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Monday, September 5, 2011

An Online Alternative?


I had the pleasure this weekend of watching a Notre Dame football  broadcast on NBC. While that may sound sarcastic, I genuinely enjoyed it. USF was playing in South Bend and supplied the whoopin' for which the Irish genrtously provided the ass.

If you've never watched a Notre Dame game broadcast, it's a bit of a sight to behold in terms of propaganda. Notre Dame has an exclusive contract with NBC for their home games, the product of which is essentially a 3+ hour commercial for the school. This sort of unparalleled coverage is only starting to meet its match, with the likes of the Longhorn Network, BYU's own network, and to a lesser extent, conference-specific networks like the Big Ten Network.

Here's where the Notre Dame broadcast got particularly interesting to me. Before they broke for the half, the announcement was made: If you would like to see the Band of the Fighting Irish's halftime performance, you can view it live on NBCsports.com. Yes, Notre Dame's propaganda machine is so thorough that even the band gets airtime. Naturally, I halted all halftime plans and went looking for the broadcast, but unfortunately, the weather that ultimately led to a 2 hour halftime kept them from performing. Still, the effort was noted and appreciated.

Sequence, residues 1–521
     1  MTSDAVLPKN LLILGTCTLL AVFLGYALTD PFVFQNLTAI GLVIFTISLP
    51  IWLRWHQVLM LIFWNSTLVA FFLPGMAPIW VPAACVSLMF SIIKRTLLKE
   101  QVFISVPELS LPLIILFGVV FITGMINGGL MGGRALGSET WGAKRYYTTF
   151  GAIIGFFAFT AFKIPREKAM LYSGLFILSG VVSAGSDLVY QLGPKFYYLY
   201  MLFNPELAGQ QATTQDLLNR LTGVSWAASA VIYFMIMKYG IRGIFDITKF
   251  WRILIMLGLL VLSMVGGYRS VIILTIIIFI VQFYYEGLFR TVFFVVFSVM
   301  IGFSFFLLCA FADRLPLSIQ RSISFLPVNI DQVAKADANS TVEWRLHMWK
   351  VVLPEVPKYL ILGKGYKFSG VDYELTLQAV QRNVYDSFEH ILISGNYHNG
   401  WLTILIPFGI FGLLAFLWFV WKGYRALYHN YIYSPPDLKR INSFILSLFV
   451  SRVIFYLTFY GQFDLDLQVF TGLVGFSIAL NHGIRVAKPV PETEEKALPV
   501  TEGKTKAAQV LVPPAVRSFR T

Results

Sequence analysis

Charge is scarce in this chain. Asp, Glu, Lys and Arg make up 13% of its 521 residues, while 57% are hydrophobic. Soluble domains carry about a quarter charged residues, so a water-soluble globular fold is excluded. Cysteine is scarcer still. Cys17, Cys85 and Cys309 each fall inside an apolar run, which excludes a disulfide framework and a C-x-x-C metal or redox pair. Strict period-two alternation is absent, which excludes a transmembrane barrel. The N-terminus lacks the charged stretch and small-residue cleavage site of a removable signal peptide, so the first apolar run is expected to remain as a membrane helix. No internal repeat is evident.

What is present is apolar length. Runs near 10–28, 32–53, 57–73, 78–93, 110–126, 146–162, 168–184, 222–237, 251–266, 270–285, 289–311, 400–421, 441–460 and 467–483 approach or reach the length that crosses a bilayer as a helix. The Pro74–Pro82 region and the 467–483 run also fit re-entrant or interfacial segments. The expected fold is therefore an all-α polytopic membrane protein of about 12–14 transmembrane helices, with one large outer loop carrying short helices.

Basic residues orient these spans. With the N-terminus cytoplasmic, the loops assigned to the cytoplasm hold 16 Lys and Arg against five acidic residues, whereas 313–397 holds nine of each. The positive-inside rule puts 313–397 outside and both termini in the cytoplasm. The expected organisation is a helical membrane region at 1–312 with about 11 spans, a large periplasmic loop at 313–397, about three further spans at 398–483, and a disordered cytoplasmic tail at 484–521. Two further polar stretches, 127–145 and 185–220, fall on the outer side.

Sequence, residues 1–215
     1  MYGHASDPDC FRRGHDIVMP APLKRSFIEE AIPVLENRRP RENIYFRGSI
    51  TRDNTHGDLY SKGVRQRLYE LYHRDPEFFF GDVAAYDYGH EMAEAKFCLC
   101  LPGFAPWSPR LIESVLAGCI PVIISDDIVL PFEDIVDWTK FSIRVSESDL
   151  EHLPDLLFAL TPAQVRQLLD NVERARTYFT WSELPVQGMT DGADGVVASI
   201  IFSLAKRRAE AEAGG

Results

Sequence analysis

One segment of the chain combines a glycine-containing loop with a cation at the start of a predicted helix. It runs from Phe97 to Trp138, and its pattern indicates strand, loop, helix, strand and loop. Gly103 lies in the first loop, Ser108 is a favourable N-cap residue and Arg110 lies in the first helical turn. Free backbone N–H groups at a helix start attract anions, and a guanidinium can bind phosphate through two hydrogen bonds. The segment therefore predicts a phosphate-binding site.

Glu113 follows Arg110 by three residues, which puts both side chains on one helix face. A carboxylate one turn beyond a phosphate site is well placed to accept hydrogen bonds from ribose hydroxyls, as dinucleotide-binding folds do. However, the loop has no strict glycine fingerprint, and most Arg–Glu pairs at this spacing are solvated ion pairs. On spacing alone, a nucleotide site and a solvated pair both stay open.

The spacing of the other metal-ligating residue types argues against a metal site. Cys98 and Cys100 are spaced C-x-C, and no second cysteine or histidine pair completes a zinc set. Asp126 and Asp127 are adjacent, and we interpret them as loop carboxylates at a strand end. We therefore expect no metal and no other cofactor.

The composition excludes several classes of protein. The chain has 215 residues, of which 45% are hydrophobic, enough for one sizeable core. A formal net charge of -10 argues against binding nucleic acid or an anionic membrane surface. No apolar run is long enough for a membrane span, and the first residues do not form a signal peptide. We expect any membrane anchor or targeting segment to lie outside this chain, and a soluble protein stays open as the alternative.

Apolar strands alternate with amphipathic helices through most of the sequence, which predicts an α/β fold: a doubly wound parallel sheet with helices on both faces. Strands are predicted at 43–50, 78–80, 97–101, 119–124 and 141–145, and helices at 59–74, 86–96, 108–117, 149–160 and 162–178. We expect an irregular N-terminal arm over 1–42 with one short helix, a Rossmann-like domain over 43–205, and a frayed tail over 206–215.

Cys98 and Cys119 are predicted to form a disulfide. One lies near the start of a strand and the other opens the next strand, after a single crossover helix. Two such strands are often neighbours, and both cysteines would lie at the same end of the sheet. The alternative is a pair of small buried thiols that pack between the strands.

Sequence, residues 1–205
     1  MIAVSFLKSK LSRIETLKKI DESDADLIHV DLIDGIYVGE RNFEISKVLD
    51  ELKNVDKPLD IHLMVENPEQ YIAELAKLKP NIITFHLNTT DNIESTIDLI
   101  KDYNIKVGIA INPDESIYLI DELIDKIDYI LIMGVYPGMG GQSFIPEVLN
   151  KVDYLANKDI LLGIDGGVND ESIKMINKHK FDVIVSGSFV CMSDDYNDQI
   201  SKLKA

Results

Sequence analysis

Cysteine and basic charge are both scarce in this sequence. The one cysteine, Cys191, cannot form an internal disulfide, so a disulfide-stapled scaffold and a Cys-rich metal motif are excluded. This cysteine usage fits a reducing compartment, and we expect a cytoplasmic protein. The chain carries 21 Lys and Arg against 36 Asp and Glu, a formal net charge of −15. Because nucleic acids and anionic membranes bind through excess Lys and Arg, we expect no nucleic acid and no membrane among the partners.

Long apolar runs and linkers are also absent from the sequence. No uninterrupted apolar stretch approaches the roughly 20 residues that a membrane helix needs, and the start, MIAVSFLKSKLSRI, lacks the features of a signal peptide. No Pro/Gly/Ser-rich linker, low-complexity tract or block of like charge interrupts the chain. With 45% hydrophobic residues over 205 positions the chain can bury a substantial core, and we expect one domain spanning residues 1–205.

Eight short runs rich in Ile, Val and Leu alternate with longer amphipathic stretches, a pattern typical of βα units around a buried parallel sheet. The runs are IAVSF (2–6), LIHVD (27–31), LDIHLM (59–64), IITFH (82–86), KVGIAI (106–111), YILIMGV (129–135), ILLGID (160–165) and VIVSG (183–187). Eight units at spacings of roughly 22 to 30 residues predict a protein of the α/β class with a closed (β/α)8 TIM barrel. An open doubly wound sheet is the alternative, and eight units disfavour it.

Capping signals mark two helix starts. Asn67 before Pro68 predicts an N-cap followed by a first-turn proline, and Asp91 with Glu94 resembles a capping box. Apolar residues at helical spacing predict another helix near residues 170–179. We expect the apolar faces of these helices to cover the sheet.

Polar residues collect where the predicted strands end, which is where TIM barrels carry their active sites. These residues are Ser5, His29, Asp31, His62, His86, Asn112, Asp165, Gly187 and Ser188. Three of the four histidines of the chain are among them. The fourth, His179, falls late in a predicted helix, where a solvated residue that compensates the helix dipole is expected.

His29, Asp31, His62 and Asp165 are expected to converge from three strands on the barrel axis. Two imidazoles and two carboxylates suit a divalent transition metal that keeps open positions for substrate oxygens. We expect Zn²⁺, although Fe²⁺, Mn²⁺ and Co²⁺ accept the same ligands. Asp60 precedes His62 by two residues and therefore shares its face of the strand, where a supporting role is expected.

Digital media for sports broadcasting is still in its relative infancy; in most cases, online features consist either of a simulcast of televised content or games that won't fit on the regular networks. I was intrigued to see this sort of "added value" piece as an option to expand Notre Dame's already immense offerings, and I think it makes absolute sense for other schools/conferences with their own networks to follow suit. Missouri, for example, has a network on the way (as does K-State, which to some degree sounds like a vote of no confidence in the Big XII, but that's another story) and it has been spoken of not as a revenue stream but as a promotional tool for the university as a whole. So I'm not saying that this needs to be done out of any sort of magnanimity to us starved band nerds out here. It truly makes good sense.
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